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Reprinted with permission from The Torah: A Women’s Commentary, edited by Tamara Cohn Eskenazi and Andrea L. Weiss (New York: URJ Press and Women of Reform Judaism, 2008).
All Israel is a kingdom of priests (Exodus 19:6). Some among them are priests of priests. At the top of the priestly pyramid stands Aaron, the kohein gadol (high priest). The kohein gadol is vested with considerable power and responsibility. Though everything is new–and no models exist for him to follow–Aaron carries out his role with great competency and dignity as he offers up the first sacrifices to God.
In Parashat Sh’mini, we find ourselves with Aaron and his family at an exhilarating moment. It is the climactic eighth day of dedication of the Tabernacle.
Exultant and joyful, Aaron and his sons bless the people–and the glory of God appears before all. A fire of heavenly origin consumes the sacrifices in their entirety; the people fall on their faces in awe and love of God. Aaron’s joy must surely be overflowing.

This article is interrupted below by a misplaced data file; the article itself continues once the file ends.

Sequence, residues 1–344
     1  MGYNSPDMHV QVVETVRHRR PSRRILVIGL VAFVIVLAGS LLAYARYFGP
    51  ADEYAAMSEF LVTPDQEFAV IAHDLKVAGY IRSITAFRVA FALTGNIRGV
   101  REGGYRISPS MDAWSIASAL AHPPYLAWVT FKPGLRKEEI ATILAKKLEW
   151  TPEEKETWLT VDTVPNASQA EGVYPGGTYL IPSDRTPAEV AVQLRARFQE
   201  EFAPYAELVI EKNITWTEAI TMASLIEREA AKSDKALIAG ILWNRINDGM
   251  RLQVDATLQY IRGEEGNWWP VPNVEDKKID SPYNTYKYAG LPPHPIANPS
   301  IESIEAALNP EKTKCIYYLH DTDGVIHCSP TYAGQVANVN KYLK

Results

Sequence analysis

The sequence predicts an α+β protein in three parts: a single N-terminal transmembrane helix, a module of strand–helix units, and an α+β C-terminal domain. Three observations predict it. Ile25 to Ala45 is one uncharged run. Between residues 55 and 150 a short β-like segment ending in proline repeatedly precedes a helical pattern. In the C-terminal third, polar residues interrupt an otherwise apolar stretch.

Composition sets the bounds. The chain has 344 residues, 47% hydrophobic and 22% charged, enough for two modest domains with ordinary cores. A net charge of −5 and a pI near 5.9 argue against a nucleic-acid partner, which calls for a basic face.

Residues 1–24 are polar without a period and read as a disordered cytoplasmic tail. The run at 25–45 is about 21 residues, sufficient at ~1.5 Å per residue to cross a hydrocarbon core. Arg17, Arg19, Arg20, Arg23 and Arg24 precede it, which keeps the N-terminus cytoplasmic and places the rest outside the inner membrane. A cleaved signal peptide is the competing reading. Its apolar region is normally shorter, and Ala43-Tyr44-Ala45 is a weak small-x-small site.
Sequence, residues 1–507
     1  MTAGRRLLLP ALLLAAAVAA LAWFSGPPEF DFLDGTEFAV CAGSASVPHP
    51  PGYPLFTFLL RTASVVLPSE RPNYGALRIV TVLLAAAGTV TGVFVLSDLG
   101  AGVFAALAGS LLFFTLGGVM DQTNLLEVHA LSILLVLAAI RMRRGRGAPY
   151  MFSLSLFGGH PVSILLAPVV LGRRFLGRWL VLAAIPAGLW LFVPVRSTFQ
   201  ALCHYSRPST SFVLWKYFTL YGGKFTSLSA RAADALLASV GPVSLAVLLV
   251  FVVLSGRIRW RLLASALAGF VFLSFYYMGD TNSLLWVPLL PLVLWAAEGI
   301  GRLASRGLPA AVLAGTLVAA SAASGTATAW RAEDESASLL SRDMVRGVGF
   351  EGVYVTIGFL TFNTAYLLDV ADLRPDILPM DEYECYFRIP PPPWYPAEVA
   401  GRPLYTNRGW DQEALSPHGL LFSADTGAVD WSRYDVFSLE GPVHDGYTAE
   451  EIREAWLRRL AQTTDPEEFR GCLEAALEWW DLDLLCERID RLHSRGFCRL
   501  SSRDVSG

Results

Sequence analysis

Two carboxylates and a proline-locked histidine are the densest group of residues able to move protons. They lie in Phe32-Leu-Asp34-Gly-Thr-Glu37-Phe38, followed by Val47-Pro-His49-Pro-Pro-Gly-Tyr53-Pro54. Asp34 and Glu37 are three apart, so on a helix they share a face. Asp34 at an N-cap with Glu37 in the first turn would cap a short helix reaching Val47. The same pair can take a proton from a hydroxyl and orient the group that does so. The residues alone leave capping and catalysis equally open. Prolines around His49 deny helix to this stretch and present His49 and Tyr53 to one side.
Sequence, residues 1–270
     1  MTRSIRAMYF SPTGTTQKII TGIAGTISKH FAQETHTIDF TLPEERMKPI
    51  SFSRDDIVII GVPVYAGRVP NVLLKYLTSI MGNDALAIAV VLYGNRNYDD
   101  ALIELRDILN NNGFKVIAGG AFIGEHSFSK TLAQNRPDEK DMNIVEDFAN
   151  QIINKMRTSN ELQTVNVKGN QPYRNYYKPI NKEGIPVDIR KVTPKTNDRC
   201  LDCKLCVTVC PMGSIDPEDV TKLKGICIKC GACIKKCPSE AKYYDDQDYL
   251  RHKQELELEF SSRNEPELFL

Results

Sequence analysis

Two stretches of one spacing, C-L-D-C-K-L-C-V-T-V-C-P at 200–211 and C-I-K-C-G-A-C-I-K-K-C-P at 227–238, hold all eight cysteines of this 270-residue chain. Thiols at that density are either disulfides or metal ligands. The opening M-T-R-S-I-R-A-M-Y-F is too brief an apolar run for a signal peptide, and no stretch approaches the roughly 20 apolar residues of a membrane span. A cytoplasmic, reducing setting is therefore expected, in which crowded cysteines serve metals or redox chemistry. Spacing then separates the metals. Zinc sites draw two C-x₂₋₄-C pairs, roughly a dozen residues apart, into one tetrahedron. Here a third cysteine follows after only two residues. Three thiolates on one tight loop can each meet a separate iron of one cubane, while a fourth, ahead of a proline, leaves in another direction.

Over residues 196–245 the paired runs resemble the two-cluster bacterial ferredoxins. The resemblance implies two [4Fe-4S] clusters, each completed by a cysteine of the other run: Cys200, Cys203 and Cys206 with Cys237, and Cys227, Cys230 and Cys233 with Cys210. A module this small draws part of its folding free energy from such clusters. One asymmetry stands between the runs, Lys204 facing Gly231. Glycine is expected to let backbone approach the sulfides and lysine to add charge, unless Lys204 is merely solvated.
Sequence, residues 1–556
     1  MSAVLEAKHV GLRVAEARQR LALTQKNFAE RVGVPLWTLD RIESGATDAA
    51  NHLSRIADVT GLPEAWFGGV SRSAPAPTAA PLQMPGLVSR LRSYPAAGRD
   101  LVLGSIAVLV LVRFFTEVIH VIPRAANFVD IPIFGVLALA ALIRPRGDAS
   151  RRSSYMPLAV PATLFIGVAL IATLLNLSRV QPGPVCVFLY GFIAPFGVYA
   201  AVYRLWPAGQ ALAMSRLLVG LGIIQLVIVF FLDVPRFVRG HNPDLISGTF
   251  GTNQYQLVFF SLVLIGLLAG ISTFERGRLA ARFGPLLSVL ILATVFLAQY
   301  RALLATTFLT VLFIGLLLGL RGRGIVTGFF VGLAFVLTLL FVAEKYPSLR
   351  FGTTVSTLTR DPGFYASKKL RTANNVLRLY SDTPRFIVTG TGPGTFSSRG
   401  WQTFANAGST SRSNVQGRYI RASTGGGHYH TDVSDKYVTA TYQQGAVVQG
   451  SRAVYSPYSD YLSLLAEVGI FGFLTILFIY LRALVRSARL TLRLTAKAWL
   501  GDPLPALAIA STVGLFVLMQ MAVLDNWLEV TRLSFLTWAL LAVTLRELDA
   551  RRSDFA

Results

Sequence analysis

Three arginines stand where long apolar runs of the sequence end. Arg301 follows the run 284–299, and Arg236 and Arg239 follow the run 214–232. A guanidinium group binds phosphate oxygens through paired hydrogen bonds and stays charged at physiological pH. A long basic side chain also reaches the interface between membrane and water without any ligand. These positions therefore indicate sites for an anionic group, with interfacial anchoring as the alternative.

Suddenly, the scene turns into heartbreak. Though not commanded to do so, Nadab and Abihu, Aaron’s elder sons, put incense into pans and bring it as an offering. Instantly, a fire of God leaps out and consumes them. Aaron is devastated. These two sons were outstanding young men: they were deemed worthy of ascending Mt. Sinai in a most prestigious order—after Moses and Aaron, and before the 70 elders—and worthy of participating in the festive meal at which God’s face was shown (Exodus 24:1, 9-11).
Crime and Punishment?
What could have happened? We struggle to understand. Was this a punishment from God, or a random accident? What crime could they have committed that was so heinous as to warrant death by flash fire? Perhaps they were acting out of enthusiasm and desire to serve. Perhaps they were overcome simply by the pure joy of being in the presence of God-and wished only to increase awe in the hearts of the people. And even if they were guilty of not following God’s word to the last, did not their father Aaron have credit in the storehouse of good deeds? Was there not some milder punishment that could have been meted out on the scale, such as that meted out to other miscreants in the Torah?
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